There is less than a week left until balloting for the NBA All-Star Game closes and some are bound to be disappointed by the results.
It happens every year. In a league with an expanding talent pool, and an event with limited invitations, it’s a forgone conclusion that there will be worthy snubs.
At 23 years old, the ever-polarizing DeMarcus Cousins is having the best season of his career, but he may very well add his name to the list of the NBA weekend’s elite rejects.
A multitude of factors go into the players’ selections, which ultimately make the process an arbitrary one. Fans vote for any number of reasons, with no guideline other than to follow one’s proclaimed allegiances, while coaches have brief, but vague rules of their own to follow when completing their ballots.
Arguments of a player’s worthiness typically come down to statistics, but perception and preference are sure to weigh heavily at the ballot box, something Cousins understands and accepts.
“It just depends on what you’re looking for,” Cousins said. “Individually, I think I’ve had a pretty good season, but as a whole, our team is still behind. It just depends on your opinion of that person.”
If what voters were looking for in an All-Star were simply numbers, then Cousins, averaging 23.3 points and 11.5 rebounds per game, might be a shoo-in. He’s first among NBA centers in scoring and fifth in rebounds. Just take a look at the top 10 scorers in the NBA (Kevin Durant, Carmelo Anthony, LeBron James, Kevin Love, James Harden, LaMarcus Aldridge, Cousins, Steph Curry, Paul George and Blake Griffin) and it’s hard to deny Cousins belongs in their company come All-Star Weekend.
Those last two sentences are where Cousins’ problems begin to arise, though.
This season, there will be no center position on the All-Star ballot, for fans and coaches alike. Instead, fans will vote for three frontcourt starters, as will coaches for the reserves. (The coaches get two “wild card” slots to vote for, which may be Cousins’ saving grace; and how perfect would that be? Cousins, a wild card if there ever was one, getting his All-Star recognition in the form of one of the game’s four wild card invitations.)
The number of fan votes gets the most attention, and, while it’s interesting to see who’s currently winning over the hearts of NBA fans, they don’t hold much bearing in Cousins’ situation. In the most recent voting returns, Cousins was 11th in the Western Conference and well behind the starting center spot even if it was still up for grabs. (He’d be a distant third or fourth, depending on what position you list Anthony Davis as.)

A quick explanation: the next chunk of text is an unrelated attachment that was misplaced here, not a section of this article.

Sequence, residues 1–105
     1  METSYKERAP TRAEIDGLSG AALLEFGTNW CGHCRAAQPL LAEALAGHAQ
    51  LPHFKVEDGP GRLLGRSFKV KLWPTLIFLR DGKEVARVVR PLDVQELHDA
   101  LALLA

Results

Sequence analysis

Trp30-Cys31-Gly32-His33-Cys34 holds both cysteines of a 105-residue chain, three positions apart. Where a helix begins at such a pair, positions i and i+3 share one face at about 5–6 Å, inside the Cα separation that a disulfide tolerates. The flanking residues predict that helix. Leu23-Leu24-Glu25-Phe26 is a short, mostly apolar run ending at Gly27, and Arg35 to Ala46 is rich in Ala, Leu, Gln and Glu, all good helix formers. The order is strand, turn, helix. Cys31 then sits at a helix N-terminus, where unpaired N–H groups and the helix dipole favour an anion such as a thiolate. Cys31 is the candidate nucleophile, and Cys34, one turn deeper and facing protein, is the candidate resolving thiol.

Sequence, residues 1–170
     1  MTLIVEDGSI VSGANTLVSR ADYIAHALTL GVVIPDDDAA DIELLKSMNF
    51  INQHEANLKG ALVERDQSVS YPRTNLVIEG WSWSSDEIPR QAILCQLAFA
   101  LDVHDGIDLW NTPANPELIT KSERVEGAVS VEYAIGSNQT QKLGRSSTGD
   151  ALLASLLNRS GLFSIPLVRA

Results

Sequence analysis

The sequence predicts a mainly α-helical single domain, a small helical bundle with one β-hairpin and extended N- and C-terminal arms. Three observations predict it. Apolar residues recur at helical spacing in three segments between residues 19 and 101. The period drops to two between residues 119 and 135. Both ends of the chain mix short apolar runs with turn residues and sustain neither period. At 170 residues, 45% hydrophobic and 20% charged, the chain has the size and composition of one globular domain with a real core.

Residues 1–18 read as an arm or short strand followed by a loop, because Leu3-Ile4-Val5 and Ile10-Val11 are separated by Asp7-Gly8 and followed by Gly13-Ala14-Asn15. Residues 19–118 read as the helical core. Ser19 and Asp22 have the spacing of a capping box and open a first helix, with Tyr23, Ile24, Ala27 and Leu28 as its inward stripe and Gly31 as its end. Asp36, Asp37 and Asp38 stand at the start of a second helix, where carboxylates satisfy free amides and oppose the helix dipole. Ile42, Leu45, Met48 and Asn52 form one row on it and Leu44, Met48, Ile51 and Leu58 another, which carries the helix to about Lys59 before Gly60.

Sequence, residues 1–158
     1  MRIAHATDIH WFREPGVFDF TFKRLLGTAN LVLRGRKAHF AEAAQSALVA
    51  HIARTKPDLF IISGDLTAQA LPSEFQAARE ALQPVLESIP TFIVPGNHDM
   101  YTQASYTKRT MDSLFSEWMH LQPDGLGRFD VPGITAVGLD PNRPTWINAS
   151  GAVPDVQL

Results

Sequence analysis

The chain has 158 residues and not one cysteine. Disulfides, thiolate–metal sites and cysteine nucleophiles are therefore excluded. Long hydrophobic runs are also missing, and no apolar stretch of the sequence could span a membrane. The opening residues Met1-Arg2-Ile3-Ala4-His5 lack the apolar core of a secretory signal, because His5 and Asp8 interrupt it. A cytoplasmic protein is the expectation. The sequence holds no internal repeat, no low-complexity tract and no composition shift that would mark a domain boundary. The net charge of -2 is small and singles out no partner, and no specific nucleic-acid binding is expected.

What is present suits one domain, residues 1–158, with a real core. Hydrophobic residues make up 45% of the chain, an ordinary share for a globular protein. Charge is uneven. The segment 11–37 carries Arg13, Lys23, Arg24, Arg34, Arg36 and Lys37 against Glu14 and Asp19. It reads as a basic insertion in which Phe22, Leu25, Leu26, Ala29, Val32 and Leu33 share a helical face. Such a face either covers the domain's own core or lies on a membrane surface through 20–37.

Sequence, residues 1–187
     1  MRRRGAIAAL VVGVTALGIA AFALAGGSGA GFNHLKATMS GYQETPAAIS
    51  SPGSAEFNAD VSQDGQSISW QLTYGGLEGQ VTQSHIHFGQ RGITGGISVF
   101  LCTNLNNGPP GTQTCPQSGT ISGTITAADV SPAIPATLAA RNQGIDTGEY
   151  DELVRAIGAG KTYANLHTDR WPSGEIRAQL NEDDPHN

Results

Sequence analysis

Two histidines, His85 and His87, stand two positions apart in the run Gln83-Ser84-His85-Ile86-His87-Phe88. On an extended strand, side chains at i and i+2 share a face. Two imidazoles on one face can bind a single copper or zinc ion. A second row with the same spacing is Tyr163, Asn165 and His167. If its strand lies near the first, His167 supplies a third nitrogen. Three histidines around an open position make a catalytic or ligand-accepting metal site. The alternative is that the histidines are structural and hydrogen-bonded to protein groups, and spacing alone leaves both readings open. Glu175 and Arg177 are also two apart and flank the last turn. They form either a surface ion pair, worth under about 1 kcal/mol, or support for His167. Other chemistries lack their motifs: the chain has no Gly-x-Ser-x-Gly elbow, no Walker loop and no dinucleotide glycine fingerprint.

The alteration to the coaches’ ballot may hurt Cousins’ chances most. Night after night, opposing coaches have seen firsthand, Cousins overwhelm their teams’ frontcourts, but without the center position they’ll be forced to weigh him against the likes of Kevin Love and David Lee, players that don’t share his position. Not to mention the wide array of talent to choose from in the West versus the concentrated East.
Another problem Cousins might run into is how people define an All-Star. To some, putting up numbers isn’t enough, but a player’s team must succeed as well, an indicator of the prospective All-Star’s impact.
Whether you think the Sacramento Kings have underachieved or are playing to expectations is splitting hairs; they’re one of the Western Conference’s worst teams. Although Cousins is having a standout year, it’s reasonable to expect voters may hold the Kings’ poor record against him in favor of someone on a better team, logic that Cousins disagrees with.
“I believe—when I was coming up, it was the All-Stars; now, I wouldn’t really say so,” Cousins said. “Some guys are All-Stars because their team (is successful)—that’s not an All-Star.”
A couple players whose reputations and teams’ success may vault them ahead of Cousins are Tim Duncan and Dirk Nowiztki. Cousins bests the two in most major statistical categories, but both of them play for winning teams and are currently ahead of Cousins in fan voting.
There are more important awards players and teams compete for throughout the year, but with the Kings at 13-22 on the season, last in their division and second-to-last in their conference, a selection to the All-Star team would be Sacramento’s biggest accolade since Tyreke Evans won Rookie of the Year four season ago.
With less than a week left to make an impression on voters, Cousins enters a significant stretch in his All-Star campaign, and fortunately for him, he’ll be taking his show on the road. The Kings embark on a six-game road trip today, giving Cousins the chance to make his case in various cities across the country, beginning with Indianapolis. There he’ll square-off against the Eastern Conference’s fourth-ranked frontcourt vote-getter, Roy Hibbert.
“You guys have known me long enough to know how I feel when I play these guys that are considered better,” Cousins said of the matchup.
A big game against the league’s best defensive center—how many votes is that worth?